“When the last tree has been cut down, the last fish caught, the last river poisoned, only then will we realize that one cannot eat money”, the Native American saying goes.
When my father first told me this quote when I was a little girl, I had no idea that years later I would be on my University field trip to the World Business Council for Sustainable Development in Singapore, thinking about those exact words.
From the moment we arrived in the humid climate of the city and sat on the shuttle bus taking us to our hotel, every one of us students was in awe of the green wonder that is Singapore. No matter what direction you were looking in – trees and plants would be covering every surface, rooftop or balcony. Later that day, as we were walking through the Gardens by the Bay, desperately fighting our jetlag, our first impression of the city’s and citizen’s connection to nature only got strengthened. And it made us all wonder.
How come a glass-domed greenhouse full of flowers, trees and plants is probably the city’s most famous tourist attraction, whilst at the same time we tend to label gardeners and nature-lovers as nerds or geeks? Why do we marvel at the beauty of the glowing trees in the middle of the greenhouse, yet classify people who grow their own vegetables as vegan-hippies or eco-freaks?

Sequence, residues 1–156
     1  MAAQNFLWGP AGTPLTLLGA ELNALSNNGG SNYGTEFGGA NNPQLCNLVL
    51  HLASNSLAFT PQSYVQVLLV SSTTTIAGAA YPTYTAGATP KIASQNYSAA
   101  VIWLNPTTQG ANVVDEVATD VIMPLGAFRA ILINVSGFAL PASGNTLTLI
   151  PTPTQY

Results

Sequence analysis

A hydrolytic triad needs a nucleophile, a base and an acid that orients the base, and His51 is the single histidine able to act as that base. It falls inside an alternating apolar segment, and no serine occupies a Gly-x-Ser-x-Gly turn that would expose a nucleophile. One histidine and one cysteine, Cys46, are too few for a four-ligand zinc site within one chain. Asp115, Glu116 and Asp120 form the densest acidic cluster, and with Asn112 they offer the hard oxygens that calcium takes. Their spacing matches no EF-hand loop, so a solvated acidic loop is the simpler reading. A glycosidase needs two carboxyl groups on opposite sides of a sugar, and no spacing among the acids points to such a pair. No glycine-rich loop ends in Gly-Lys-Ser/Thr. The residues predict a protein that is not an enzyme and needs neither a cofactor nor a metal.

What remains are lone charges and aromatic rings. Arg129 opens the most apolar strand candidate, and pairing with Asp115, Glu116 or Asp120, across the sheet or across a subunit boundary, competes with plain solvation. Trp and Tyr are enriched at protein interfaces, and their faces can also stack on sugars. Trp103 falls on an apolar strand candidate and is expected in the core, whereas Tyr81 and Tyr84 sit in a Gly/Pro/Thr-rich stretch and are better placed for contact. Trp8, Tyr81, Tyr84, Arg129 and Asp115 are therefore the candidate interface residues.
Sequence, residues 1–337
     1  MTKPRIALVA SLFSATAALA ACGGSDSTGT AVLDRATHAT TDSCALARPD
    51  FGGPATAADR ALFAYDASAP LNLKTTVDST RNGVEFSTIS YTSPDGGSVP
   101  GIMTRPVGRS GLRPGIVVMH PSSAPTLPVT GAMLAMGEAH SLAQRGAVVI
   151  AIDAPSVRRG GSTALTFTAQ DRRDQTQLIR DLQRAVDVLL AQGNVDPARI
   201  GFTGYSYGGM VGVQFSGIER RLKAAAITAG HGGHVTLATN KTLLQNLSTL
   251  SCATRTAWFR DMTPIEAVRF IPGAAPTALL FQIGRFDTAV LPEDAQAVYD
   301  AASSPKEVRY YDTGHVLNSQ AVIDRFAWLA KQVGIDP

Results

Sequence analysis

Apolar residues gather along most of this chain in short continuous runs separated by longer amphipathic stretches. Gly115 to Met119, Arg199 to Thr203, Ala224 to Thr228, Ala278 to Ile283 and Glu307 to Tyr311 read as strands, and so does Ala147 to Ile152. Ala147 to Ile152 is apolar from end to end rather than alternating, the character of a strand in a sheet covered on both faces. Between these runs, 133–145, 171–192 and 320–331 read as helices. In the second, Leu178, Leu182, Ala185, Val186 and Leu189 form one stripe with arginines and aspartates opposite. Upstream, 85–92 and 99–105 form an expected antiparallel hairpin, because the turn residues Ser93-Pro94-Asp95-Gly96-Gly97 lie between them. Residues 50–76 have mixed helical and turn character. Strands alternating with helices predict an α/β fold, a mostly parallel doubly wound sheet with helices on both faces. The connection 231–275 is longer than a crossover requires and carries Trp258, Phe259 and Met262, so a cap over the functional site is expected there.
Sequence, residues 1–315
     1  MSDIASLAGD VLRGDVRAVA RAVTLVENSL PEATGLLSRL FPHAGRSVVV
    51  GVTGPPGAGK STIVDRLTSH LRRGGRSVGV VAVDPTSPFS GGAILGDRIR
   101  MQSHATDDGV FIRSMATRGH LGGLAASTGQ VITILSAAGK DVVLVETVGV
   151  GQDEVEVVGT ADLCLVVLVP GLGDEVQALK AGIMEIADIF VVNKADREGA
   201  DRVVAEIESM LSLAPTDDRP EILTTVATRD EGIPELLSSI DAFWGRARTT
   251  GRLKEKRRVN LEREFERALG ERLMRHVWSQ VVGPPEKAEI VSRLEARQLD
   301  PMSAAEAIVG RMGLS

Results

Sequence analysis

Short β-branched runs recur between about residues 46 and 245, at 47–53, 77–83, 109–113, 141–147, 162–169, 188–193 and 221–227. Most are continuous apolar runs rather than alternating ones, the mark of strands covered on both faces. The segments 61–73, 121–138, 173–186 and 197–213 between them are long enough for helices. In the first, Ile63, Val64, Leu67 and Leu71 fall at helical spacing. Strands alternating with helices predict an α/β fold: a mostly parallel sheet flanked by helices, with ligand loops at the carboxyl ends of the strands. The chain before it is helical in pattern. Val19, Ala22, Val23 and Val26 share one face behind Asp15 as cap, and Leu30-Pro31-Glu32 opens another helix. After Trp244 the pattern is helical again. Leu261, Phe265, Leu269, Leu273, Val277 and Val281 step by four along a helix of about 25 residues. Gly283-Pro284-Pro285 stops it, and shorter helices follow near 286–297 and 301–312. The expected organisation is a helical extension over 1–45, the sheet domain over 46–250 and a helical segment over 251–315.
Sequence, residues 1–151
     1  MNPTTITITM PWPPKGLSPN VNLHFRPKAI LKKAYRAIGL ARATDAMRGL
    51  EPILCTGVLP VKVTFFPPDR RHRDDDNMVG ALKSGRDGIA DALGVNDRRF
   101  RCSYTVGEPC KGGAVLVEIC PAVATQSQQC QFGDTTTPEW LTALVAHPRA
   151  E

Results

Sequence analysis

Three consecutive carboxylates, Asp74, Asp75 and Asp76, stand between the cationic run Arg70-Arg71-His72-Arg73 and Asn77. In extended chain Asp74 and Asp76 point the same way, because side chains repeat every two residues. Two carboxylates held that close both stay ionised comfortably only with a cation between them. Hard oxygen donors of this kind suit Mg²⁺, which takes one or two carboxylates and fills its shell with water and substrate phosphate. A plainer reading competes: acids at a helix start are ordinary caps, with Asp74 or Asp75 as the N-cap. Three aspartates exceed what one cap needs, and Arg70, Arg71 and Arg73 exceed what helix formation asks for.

It is precisely this perception of and attitude towards the nature around us that I see as one of the key issues when it comes promoting sustainability. How do you encourage or excite someone to care for nature without any emotional attachment to it? This emotional attachment is the key to triggering a sense of responsibility in people and redefining what it means to be a human being on this planet. This is what reminded me of the previously mentioned quote. Native American tribes that have been around for hundreds of years share the view that “the earth is the mind of the people as we are the mind of the earth”. They advocate to live in harmony with nature, as the land for them is not just a resource provided to us but the source of sustenance, a definer of identity even.
It might seem impossible to apply this idea of a reciprocating relationship between humans and nature in the consumption-driven, globalized and constantly growing world we live in. However, as I was walking through the greenhouse at the Gardens by the Bay I suddenly started realizing that I was witnessing a real-life example of exactly that. Humans reconnecting with nature, appreciating it for its beauty and a promise of change.